Dr. Muthafar Adhami, a prominent Iraqi academic, was watching TV at home not long ago when his 14-year-old son Farad suddenly stopped surfing the Internet and said, "Daddy, come see this." Adhami had received an unusual e-mail titled "Important Information," transmitted by U.S. psy-ops specialists. It warned Iraqis to "protect their families" by reporting any information about weapons of mass destruction to U.N. inspectors--or face "grave personal consequences." The e-mail also urged Iraqis to sabotage any WMD they know about--or at least to ignore any orders to use them.
Is President George W. Bush's message getting through to the Iraqi people? Adhami told NEWSWEEK--in the presence of a government-assigned "escort"--that the e-mail's message "was so funny it made me laugh. If any other country had sent a similar e-mail to Americans, they wouldn't accept it either." Given that Baghdad has a formidable secret-police apparatus, Adhami also did what any smart Iraqi would do: he reported the rogue e-mail to the authorities. Yet he seemed aware that American and British warplanes had scattered thousands of leaflets across Iraq bearing similar messages, as well as instructions to tune into American military broadcasts transmitted from modified C-130 aircraft and stations outside the country.
For a population nearing the brink of war with the United States, Iraqis seem strangely calm. Baghdad residents often claim to "not care" whether hostilities erupt, to be "unconvinced" by American propaganda or to feel that "after 20 years of war, we're used to living with constant threats." Many, nevertheless, are preparing for conflict. The government is digging wells in the city, and many families have stockpiled five months' worth of staples such as rice, sugar, oil and flour. Hospitals are storing food and water, and trying to procure antibiotics, blood products, even bandages. Late last year personnel at the Ministry of Defense stopped wearing military uniforms. "They don't want to be targets when the war begins," says a Western diplomat in Baghdad.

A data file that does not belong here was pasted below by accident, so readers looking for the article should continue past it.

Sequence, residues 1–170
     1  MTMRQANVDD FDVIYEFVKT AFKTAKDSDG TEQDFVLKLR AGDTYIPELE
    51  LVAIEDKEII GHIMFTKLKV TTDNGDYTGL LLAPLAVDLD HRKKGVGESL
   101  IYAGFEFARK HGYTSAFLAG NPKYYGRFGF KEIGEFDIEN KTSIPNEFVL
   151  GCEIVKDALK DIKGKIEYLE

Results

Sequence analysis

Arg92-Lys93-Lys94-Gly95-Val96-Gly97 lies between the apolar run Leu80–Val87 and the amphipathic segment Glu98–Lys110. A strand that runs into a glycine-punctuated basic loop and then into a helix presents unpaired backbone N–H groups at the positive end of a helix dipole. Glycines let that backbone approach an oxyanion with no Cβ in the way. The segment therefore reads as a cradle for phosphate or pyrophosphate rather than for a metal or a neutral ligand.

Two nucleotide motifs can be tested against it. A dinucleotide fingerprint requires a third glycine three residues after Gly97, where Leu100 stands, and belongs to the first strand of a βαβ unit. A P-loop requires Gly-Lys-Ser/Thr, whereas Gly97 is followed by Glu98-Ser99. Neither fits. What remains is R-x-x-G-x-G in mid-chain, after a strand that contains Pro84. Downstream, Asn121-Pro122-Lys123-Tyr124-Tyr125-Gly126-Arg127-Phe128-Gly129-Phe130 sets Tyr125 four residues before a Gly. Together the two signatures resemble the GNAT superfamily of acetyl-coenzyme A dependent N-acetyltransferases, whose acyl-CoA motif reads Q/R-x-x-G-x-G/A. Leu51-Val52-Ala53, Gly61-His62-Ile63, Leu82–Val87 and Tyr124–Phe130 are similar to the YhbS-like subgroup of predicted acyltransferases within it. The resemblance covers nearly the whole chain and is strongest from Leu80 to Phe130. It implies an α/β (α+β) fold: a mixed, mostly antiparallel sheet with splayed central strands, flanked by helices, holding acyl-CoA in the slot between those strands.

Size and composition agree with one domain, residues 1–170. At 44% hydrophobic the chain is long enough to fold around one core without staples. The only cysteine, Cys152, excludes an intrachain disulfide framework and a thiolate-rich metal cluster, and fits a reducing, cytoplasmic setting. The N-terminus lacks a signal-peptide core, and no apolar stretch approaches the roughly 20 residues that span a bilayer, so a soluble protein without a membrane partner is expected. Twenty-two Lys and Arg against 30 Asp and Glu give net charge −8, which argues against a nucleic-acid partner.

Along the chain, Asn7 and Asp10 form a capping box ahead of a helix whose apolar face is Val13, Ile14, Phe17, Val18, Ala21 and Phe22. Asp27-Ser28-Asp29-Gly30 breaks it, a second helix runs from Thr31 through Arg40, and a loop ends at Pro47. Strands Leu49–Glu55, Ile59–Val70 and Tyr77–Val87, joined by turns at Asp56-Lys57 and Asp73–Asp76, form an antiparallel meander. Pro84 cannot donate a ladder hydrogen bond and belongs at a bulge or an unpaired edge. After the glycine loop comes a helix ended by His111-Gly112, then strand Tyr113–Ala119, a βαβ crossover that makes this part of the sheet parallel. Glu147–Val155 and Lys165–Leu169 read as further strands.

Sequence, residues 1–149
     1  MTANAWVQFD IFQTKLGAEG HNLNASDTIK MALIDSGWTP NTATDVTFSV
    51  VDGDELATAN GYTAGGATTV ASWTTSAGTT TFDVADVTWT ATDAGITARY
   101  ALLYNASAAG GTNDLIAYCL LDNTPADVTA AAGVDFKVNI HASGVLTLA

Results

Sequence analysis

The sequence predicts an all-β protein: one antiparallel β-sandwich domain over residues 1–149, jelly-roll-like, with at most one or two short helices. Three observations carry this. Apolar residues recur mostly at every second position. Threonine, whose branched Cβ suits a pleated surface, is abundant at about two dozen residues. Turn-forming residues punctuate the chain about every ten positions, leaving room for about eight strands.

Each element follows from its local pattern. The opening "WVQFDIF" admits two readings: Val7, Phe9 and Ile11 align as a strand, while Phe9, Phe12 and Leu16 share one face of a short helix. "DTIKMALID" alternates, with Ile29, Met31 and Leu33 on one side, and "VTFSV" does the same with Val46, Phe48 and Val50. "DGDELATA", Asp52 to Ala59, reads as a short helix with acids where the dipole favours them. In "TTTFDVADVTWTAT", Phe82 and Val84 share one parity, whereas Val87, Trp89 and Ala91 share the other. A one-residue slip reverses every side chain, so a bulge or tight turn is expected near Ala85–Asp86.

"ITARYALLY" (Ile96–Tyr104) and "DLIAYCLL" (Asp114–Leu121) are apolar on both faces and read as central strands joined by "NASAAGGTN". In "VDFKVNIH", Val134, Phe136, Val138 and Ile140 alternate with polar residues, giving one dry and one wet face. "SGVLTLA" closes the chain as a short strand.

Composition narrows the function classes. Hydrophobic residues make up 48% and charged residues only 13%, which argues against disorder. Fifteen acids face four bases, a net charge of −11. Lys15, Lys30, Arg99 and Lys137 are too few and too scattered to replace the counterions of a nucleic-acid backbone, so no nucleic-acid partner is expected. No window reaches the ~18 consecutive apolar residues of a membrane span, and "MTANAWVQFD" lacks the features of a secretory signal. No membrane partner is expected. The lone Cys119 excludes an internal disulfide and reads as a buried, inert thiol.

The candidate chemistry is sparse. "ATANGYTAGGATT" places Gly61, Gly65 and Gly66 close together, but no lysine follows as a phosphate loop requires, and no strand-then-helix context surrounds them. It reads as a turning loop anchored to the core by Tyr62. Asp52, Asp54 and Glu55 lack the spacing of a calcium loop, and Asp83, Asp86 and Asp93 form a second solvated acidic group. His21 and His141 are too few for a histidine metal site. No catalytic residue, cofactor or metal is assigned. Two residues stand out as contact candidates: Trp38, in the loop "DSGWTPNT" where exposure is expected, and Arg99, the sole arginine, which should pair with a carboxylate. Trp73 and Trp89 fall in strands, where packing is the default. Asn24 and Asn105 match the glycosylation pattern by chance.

At one of the oldest cafes in Baghdad last Friday, nearly 100 mostly elderly Iraqi men squeezed together on long blue benches under grimy ceiling fans and faded sepia photographs of turn-of-the-last-century Baghdad. "I love American films and books," volunteered a 68-year-old lawyer, meticulously attired in a tweed jacket, sweater and tie. When the conversation turned to politics--is he worried about a coming war?--his eyes darted furtively around the smoky room to see how many eavesdroppers were listening in. (At least two.) "Iraqis love the American people. We don't believe in hate," he said, as if that answered the question. "Maybe a miracle will come, and war will change to peace."
Some believe a war would end quickly. "To fight a war you need an enemy," says a Western diplomat. "But there will be very little resistance here. Most people will just go home and wait." In a quiet moment when no one else was listening, one Iraqi blurted out that "people are tired of the way things are and they want a change. Only the Americans can change things." Which may help explain some remarkable trends in Baghdad these days: the local stock exchange is booming, new shops have opened on the bustling commercial avenue near the old American Embassy and land prices have skyrocketed. "People anticipate things will get better," explains the diplomat. "After so many years of war and sanctions, people don't think they can get much worse."